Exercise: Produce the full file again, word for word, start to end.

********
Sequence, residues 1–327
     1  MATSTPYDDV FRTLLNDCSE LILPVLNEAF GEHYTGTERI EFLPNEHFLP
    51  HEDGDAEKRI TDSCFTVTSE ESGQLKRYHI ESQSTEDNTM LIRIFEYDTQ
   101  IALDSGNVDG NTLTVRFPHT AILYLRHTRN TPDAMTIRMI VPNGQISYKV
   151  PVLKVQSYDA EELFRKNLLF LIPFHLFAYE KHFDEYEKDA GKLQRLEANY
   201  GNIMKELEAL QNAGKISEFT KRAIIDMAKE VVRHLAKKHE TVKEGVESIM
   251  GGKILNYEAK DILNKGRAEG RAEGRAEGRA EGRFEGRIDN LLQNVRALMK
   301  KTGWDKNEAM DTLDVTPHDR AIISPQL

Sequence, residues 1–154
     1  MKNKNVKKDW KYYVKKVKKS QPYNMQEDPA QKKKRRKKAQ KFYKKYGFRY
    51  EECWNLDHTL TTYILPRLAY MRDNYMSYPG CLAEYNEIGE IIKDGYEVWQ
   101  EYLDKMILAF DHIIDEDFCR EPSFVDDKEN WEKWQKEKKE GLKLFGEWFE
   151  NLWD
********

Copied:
Sequence, residues 1–327
     1  MATSTPYDDV FRTLLNDCSE LILPVLNEAF GEHYTGTERI EFLPNEHFLP
    51  HEDGDAEKRI TDSCFTVTSE ESGQLKRYHI ESQSTEDNTM LIRIFEYDTQ
   101  IALDSGNVDG NTLTVRFPHT AILYLRHTRN TPDAMTIRMI VPNGQISYKV
   151  PVLKVQSYDA EELFRKNLLF LIPFHLFAYE KHFDEYEKDA GKLQRLEANY
   201  GNIMKELEAL QNAGKISEFT KRAIIDMAKE VVRHLAKKHE TVKEGVESIM
   251  GGKILNYEAK DILNKGRAEG RAEGRAEGRA EGRFEGRIDN LLQNVRALMK
   301  KTGWDKNEAM DTLDVTPHDR AIISPQL

Sequence, residues 1–154
     1  MKNKNVKKDW KYYVKKVKKS QPYNMQEDPA QKKKRRKKAQ KFYKKYGFRY
    51  EECWNLDHTL TTYILPRLAY MRDNYMSYPG CLAEYNEIGE IIKDGYEVWQ
   101  EYLDKMILAF DHIIDEDFCR EPSFVDDKEN WEKWQKEKKE GLKLFGEWFE
   151  NLWD